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Home > India > News > Columnists > B Raman

Prachanda: From radical Maoist to lovable mascot

April 29, 2008

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Since 2005, Prachanda, the leader of the Communist Party of Nepal (Maoist), has become a lovable mascot of India's liberal elite. They see nothing but positive in him. His pre-2005 record has been forgotten -- the brutal massacre of innocent civilians in different parts of Nepal by the well-trained, well-armed and well-motivated insurgent army raised by him, his contacts with the Shining Path guerillas of Peru, his role in helping the Maoists in India, particularly in Andhra Pradesh, his fulminations against India, particularly against the Indian Army, his devotion to Mao Zedong's thoughts, his raising of his insurgent army with the clandestine support of the royal family in order to use it against India, his turning the insurgents against the monarchy after having benefited from its largesse.

For the elite, he has undergone a remarkable metamorphosis. From a Maoist, he has become a Dengist -- for whom pragmatism and not ideological rigidity guides policy-making. His fulminations against India have stopped. He has embarked on a charm offensive directed at India and its elite. His supporters from the Indian elite welcomed him with open arms and took him round the corridors of power and the labyrinth of think-tanks in Delhi. They all hailed the born-again democrat, who wants nothing but genuine democracy in Nepal.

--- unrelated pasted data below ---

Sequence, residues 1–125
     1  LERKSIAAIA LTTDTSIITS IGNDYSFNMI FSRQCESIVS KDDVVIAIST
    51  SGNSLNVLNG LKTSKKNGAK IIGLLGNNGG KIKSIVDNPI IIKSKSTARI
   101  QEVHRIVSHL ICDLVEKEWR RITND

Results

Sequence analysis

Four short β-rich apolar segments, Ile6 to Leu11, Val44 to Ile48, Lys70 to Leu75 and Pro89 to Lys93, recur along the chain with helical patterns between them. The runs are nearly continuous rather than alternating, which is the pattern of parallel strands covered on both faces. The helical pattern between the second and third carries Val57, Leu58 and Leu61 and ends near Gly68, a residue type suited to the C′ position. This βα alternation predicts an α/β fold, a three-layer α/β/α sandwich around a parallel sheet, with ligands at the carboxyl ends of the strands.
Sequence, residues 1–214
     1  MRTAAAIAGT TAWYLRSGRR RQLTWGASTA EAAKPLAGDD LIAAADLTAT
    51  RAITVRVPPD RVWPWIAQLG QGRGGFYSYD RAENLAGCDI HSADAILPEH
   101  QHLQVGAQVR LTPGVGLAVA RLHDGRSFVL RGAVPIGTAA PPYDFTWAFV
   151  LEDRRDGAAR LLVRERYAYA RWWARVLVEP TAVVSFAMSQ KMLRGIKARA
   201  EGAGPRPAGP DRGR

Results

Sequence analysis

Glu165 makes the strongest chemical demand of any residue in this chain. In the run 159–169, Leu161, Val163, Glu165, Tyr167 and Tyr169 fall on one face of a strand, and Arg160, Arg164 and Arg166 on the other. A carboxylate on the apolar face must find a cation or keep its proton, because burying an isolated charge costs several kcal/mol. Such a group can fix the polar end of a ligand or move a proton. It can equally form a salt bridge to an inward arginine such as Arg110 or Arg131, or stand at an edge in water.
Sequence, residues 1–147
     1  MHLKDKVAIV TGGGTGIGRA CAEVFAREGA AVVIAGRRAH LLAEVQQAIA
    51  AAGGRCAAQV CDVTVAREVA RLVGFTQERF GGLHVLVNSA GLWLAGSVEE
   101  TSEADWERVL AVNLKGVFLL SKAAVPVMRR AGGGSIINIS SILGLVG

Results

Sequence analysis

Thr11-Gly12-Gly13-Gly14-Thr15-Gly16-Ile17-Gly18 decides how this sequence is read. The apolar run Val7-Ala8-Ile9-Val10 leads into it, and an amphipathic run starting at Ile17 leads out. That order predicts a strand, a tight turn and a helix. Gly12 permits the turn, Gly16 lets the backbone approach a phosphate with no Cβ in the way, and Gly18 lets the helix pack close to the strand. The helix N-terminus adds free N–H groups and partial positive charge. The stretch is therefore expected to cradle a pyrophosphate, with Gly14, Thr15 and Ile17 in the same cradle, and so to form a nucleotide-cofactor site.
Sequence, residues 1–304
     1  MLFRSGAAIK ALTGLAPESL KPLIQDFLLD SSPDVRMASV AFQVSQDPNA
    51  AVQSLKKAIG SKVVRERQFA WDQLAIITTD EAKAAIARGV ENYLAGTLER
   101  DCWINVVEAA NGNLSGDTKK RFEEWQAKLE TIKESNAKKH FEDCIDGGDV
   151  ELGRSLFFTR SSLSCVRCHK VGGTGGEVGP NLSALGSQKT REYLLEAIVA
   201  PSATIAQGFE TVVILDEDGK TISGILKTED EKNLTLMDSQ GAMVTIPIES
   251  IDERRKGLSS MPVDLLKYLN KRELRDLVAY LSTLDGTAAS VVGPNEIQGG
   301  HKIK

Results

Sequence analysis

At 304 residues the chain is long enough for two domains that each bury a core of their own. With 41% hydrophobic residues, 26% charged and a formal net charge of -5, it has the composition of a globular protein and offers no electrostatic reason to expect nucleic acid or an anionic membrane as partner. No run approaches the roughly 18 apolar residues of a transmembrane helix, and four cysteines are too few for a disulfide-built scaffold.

He made it apparent in many of his statements in Nepal that he would not consider democracy as genuine unless it enabled him to become the President of a republican Nepal, but that did not sound a jarring note in New Delhi. The desire to encourage his seeming metamorphosis became the driving force of policy-making and the negative comments emanating from him from time to time were overlooked.

Anybody, who drew attention to his pre-2005 past and urged caution in assessing him and his metamorphosis, was frowned upon and even abused.

Welcoming an insurgent movement into the political mainstream and integrating it in the mainstream is a delicate process, which has to be handled carefully and gradually so that in our over-eagerness to achieve integration, we do not make the problem worse. We have a good record of managing the process of integration. We did so successfully with the so-called Naga Federal Government when Indira Gandhi [Images] was the prime minister in the 1970s and with the Mizo National Front under Indira Gandhi and Rajiv Gandhi in the 1980s.

Indonesia has recently embarked successfully on a similar exercise for the integration of the Free Aceh Movement.

Many issues came up during the long negotiations with the NFG and the MNF-- such as, their giving up the use of violence and accepting the Constitution of the country, the government accepting their legitimate demands relating to greater political and economic role, the rehabilitation of their armed cadres after they surrender their weapons and their participation in the elections.